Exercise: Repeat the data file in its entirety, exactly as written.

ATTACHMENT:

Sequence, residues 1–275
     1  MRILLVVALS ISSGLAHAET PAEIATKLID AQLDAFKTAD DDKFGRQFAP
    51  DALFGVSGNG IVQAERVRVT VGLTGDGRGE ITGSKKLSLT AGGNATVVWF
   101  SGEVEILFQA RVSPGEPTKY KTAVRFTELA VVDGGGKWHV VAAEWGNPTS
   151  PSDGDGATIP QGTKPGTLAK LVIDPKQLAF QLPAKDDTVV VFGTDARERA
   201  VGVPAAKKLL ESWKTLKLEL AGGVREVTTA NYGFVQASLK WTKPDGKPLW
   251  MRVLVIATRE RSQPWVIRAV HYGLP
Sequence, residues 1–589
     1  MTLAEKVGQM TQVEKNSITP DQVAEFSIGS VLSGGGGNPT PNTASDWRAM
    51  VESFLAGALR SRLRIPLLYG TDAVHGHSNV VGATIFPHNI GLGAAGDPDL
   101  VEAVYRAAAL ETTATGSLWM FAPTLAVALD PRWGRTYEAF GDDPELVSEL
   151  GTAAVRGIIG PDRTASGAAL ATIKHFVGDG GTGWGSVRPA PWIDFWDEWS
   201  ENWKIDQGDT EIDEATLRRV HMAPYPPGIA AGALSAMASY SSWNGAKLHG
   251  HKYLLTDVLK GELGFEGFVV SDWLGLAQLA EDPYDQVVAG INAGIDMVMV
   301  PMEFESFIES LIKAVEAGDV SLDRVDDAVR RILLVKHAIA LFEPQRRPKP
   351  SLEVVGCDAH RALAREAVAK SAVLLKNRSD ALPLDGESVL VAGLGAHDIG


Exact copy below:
Sequence, residues 1–275
     1  MRILLVVALS ISSGLAHAET PAEIATKLID AQLDAFKTAD DDKFGRQFAP
    51  DALFGVSGNG IVQAERVRVT VGLTGDGRGE ITGSKKLSLT AGGNATVVWF
   101  SGEVEILFQA RVSPGEPTKY KTAVRFTELA VVDGGGKWHV VAAEWGNPTS
   151  PSDGDGATIP QGTKPGTLAK LVIDPKQLAF QLPAKDDTVV VFGTDARERA
   201  VGVPAAKKLL ESWKTLKLEL AGGVREVTTA NYGFVQASLK WTKPDGKPLW
   251  MRVLVIATRE RSQPWVIRAV HYGLP
Sequence, residues 1–589
     1  MTLAEKVGQM TQVEKNSITP DQVAEFSIGS VLSGGGGNPT PNTASDWRAM
    51  VESFLAGALR SRLRIPLLYG TDAVHGHSNV VGATIFPHNI GLGAAGDPDL
   101  VEAVYRAAAL ETTATGSLWM FAPTLAVALD PRWGRTYEAF GDDPELVSEL
   151  GTAAVRGIIG PDRTASGAAL ATIKHFVGDG GTGWGSVRPA PWIDFWDEWS
   201  ENWKIDQGDT EIDEATLRRV HMAPYPPGIA AGALSAMASY SSWNGAKLHG
   251  HKYLLTDVLK GELGFEGFVV SDWLGLAQLA EDPYDQVVAG INAGIDMVMV
   301  PMEFESFIES LIKAVEAGDV SLDRVDDAVR RILLVKHAIA LFEPQRRPKP
   351  SLEVVGCDAH RALAREAVAK SAVLLKNRSD ALPLDGESVL VAGLGAHDIG